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A student who amassed a stash of lethal weapons including a crossbow and machete has today been sentenced to 10 years in prison.
Gabrielle Friel was found with a high-powered crossbow, 15 bolts, a 12-inch machete and a ballistic vest and had made repeated internet searches for firearms.
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Gabrielle Friel 22-year-old was sentenced today at the High Court in Edinburgh.
He was cleared of a second charge of wanting to carry out a ‘spree killing mass murder’.
Friel had denied both charges and gave evidence in his own defence during the trial, saying mass shooting was a ‘fantasy’ for him.
He also said he ‘felt for’ incel mass murderer Elliot Rodger, who killed six people in a stabbing and shooting spree in Isla Vista, California, in May 2014 before killing himself.
Friel had told a doctor he wanted to ‘carry out a mass shooting’ and his social worker reported he appeared to ‘almost idolise’ Rodger.
He claimed he also wanted to commit ‘suicide by cop’ when he stabbed a police officer at Edinburgh College’s Granton campus in November 2017.
Friel was found guilty of possessing the weapons at various locations in Edinburgh in 2019 including his home, a social work centre and a hospital in circumstances giving rise to the reasonable suspicion that possessing them was for a purpose connected with terrorism.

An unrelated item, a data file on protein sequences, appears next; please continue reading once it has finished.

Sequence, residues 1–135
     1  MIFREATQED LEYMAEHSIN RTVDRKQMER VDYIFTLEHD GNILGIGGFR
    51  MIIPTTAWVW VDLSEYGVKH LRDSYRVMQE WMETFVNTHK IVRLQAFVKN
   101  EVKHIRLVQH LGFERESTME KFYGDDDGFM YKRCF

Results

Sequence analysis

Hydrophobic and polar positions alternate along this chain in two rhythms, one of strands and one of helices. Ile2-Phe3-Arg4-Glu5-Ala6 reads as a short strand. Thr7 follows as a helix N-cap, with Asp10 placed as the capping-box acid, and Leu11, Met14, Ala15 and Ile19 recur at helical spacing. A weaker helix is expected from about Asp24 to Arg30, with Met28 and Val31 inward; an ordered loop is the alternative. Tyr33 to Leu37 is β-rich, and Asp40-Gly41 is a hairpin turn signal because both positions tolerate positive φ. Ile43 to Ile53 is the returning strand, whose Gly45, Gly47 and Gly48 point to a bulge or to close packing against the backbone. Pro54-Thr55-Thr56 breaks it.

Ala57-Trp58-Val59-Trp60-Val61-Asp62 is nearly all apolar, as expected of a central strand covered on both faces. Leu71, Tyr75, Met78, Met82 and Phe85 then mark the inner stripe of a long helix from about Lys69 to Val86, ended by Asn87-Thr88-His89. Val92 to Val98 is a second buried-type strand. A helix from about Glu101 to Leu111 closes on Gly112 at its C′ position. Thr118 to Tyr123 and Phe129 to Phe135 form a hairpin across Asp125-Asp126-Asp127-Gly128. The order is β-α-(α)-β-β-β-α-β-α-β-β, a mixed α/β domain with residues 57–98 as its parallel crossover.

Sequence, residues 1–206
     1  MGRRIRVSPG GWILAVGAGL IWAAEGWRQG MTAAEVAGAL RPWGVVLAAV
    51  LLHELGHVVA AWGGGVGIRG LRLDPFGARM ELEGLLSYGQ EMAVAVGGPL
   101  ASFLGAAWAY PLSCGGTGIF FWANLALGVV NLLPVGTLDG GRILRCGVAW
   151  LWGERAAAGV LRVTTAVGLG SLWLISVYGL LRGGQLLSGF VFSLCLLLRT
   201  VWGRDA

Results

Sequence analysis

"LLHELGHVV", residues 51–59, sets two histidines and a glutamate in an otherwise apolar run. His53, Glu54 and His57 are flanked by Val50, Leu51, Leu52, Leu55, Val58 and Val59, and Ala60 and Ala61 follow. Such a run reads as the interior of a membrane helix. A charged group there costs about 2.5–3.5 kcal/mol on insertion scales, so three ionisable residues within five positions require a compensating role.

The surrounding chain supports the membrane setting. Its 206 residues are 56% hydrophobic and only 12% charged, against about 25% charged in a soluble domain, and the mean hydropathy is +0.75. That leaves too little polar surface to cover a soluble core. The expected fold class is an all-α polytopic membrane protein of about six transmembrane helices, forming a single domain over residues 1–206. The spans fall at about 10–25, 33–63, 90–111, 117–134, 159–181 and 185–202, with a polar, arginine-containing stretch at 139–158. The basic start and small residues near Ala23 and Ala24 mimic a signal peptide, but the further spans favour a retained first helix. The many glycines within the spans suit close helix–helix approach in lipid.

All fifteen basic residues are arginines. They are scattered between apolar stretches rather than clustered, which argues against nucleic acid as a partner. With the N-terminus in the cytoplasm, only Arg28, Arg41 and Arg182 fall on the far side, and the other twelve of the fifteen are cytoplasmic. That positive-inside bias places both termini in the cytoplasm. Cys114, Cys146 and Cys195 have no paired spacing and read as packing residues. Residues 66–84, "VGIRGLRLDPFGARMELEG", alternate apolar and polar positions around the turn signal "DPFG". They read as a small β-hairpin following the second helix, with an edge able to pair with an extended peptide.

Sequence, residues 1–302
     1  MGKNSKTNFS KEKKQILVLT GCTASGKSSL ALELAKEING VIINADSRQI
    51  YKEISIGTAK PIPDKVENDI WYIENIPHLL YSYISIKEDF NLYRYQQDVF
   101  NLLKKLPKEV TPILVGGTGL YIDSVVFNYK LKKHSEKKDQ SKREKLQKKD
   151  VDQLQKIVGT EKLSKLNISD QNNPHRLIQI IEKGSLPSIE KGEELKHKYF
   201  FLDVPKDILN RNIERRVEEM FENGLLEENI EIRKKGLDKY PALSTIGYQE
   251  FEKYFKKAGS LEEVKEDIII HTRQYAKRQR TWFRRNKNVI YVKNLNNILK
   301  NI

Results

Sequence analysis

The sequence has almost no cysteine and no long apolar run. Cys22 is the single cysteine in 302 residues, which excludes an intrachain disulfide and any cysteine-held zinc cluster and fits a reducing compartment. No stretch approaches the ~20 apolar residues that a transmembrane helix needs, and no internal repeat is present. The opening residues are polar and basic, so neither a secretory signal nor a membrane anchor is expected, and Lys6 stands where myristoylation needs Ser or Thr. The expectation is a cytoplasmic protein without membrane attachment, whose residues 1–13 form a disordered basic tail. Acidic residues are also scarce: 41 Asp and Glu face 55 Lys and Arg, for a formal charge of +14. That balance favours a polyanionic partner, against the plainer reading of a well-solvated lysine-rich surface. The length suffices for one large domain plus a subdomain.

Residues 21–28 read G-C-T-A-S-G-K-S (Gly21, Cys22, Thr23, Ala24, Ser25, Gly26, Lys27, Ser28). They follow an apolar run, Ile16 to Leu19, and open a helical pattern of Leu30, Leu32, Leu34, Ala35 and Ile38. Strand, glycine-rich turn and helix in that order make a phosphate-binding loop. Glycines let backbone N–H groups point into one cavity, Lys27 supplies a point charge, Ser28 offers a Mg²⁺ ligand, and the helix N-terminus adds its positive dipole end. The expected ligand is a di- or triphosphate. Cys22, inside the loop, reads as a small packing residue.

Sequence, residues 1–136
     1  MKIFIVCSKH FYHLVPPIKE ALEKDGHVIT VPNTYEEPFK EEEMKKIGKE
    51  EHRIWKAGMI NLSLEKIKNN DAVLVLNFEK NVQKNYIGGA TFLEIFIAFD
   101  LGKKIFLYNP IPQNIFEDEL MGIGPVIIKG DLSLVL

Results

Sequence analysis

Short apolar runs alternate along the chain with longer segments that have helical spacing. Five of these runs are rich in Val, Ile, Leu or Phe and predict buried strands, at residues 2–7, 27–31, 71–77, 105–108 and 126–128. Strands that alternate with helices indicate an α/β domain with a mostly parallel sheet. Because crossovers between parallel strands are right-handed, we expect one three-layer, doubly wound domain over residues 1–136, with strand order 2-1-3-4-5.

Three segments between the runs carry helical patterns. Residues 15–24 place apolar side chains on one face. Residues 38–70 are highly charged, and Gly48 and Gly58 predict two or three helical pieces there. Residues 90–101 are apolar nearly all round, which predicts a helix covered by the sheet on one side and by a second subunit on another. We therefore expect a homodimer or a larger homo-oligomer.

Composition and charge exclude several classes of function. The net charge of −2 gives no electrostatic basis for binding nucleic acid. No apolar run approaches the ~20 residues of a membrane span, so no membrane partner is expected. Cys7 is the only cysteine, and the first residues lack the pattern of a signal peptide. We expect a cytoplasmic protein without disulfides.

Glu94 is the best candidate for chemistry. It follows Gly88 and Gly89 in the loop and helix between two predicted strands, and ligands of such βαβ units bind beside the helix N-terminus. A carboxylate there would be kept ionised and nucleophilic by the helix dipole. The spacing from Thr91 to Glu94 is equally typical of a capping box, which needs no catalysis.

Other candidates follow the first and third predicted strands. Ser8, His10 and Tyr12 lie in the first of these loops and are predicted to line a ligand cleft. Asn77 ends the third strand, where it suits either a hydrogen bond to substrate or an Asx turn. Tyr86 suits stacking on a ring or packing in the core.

The 22-year-old appeared via video link at the High Court in Edinburgh on Tuesday where Judge Lord Beckett imposed the sentence with a five years extension subject to licence.
Friel was found guilty of possessing a crossbow, scope, crossbow arrows, a machete and a ballistic vest between June 1 and August 16 2019.
A second charge that he prepared for terrorist acts by researching spree killings, particularly those connected with incels – people who are involuntarily celibate – was found not proven after a five-day trial at the court in December.
Friel said fears he would fail a test had triggered negative thoughts of being bullied at high school in Singapore and previous attempts to take his own life, which led to further attempts before the college incident.
The court heard Friel was sentenced to 300 hours of community service after pleading guilty at a hearing in June 2018 to the stabbing, which endangered the officer’s life.
Items recovered by police were previously presented to the court during evidence from Khaldoun Kabbani, a forensic scientist from the Scottish Police Authority who focuses on ballistics and weapons, including the science of bullets and projectiles.
A report suggested the crossbow was in ‘good external condition’ and ‘in working order’, with the specifications stating it could fire arrows at 340ft per second and had a draw weight of 175lb.
When advocate depute Richard Goddard asked if that was a considerable weight, Mr Kabbani replied ‘yes’.
Mr Goddard also asked about the registration of crossbows, to which Mr Kabbani read out a document stating they ‘cannot be considered firearms’ but there is legislation on the sale of those with a draw weight over 1.4kg (3lb).
The crossbow shown to the jury had a draw weight of 79kg (175lb).
Mr Goddard asked what damage this could cause, to which Mr Kabbani highlighted the steel tip arrows could pierce the ‘flesh and vital organs’, with many factors contributing to potential injury, such as wearing protection.